ffwd: beef daube with carrots and elbow macaroni

A Bowl of Daube

I’m sure that each time I make a beef stewy thing I mention that it’s not my favorite sort of meal. I’ve never been able to sort out whether it’s the long-cooked vegetables or the texture of the meat. So, I was ambivalent when I set out to make this week’s French Fridays with Dorie recipe for Beef Daube with Carrots and Elbow Macaroni.

The recipe ideally calls for beef cheeks. I still have a chest freezer half-filled with the hind quarter of a cow that we purchased last fall from my sister’s father-in-law who raised it. At the time, we requested the beef cheeks, even though they are obviously from the other end of the animal, thinking others might not want this less familiar meat. Unfortunately, we didn’t get it.

As an alternative, the recipe suggests using chuck roast. Chuck roast is the shoulder of the cow, again from the wrong end of what we have. It seemed like I should use something I had rather than going to the store to buy more beef. I looked up other alternative cuts that are good for braising and so I used a round roast which is part of the hind quarter. Otherwise, I stuck to the recipe with the addition of two parsnips that were sitting in my vegetable drawer.

Daube Ingredients

The meat smelled great as it browned, though it did make a big mess of the stovetop in spite of the splatter guard. The vegetables plus some bacon were softened before making a gravy with the addition of some flour, water, beef broth and red wine. The meat was added back in and the pot sealed up with foil, then it braised in a slow oven for nearly two hours, filling the kitchen with a wonderful aroma.

Browned Meat

Shortly before the daube was done, I cooked some elbow macaroni and grated some bittersweet chocolate. The chocolate was stirred into the pot and allowed to simmer, stovetop, for a few minutes before stirring in the nearly cooked pasta.

Before the Elbows

I loved the flavors in this stew. The carrots and parsnips made the gravy sweet and the chocolate added extra complexity. I also liked how the elbows absorbed the delicious sauce. The only negative is that I definitely chose the wrong cut of meat to substitute. The round was a bit tough which took away from the end result. I think if the meat were more meltingly tender, I would have loved it. All isn’t lost as I would definitely try this again with the recommended chuck or cheeks. I’m sure that would fix the issue I caused. Howard, who is more of a beef stew person than I am, had the same problem with the meat, but thought the elbows added a fun touch to the meal.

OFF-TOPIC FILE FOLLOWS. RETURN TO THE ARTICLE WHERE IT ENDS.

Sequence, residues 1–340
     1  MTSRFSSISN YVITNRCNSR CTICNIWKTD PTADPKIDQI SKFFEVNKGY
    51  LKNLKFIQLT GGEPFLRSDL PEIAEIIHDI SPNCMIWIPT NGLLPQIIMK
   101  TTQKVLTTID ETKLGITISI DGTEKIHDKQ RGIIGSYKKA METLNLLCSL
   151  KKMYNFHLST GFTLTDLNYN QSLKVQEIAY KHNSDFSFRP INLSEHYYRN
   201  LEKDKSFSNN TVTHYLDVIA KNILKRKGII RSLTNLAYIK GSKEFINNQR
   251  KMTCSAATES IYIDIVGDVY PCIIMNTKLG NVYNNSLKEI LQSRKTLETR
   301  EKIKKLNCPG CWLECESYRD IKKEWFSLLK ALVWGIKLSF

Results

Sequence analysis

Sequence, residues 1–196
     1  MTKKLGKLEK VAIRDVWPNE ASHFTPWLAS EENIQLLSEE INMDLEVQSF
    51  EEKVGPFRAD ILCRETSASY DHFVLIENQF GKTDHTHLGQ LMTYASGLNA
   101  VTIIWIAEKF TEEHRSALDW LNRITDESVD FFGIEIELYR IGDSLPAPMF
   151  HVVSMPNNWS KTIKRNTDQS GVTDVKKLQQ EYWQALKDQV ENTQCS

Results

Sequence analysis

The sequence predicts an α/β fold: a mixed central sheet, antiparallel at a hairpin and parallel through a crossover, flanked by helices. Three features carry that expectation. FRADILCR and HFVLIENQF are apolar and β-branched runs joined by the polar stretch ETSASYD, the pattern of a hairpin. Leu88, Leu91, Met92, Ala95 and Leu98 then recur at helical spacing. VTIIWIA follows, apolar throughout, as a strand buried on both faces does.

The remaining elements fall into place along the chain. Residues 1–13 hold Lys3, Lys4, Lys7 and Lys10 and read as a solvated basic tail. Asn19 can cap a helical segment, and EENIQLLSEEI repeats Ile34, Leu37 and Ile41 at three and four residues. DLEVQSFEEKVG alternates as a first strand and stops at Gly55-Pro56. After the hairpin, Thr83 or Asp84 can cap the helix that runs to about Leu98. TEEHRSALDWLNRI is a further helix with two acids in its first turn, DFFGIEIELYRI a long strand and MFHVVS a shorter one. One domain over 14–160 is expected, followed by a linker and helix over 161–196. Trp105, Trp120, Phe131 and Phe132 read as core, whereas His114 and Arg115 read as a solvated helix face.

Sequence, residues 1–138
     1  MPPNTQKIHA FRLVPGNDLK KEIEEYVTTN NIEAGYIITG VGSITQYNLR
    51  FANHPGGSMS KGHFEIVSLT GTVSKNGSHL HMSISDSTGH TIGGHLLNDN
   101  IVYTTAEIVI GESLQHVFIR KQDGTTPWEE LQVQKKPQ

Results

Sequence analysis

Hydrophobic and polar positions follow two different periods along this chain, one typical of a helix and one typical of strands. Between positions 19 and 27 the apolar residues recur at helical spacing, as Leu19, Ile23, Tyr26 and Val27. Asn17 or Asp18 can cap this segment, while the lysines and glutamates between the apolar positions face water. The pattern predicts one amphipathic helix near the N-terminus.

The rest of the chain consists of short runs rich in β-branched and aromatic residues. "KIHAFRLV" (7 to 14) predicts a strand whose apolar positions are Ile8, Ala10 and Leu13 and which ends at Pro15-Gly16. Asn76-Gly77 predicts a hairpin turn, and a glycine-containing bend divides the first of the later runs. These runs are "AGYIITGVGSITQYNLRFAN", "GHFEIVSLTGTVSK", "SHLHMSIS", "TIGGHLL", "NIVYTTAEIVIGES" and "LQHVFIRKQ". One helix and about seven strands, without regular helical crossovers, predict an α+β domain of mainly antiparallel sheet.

I liked the wine I added to the pot: Toasted Head Untamed Red, which included the suggested Syrah grapes along with Zinfandel and Petite Syrah. There was enough left in the bottle for two glasses to drink along with the meal. Perfect!

We don’t’ share the recipes made in this cooking group, but I encourage you to find the recipe in Dorie Greenspan’s book Around My French Table.

To see how other bloggers’ daubes came out, and whether they found cheeks or not, check out their links here.


Posted on 30 November 2012, in Beef, French Fridays with Dorie and tagged , , , , . Bookmark the permalink. 19 Comments.

  1. Sorry that the cut of meat you had didn’t work right. I’m jealous that you have such fresh, know-where-it-came-from beef, though!

  2. Beef stew-type dinners aren’t my favorite either, and I’m pretty sure I didn’t get the meat cooked quite right – but I also loved the flavor of this dish! Yours looks just lovely! Nice job!

  3. Beef cut subsitutions always make me nervous – I can never seem to get it all straight in my head.

    I loved the way this dish smelled cooking – and your choice of wines sounds great!
    Have a good weekend.

  4. Betsy, I really like the first picture of the lovingly prepared beef with the elbow macaroni and slices of carrots! It all sounds and looks delicious, wine and all!

    Hope you will have a wonderful weekend!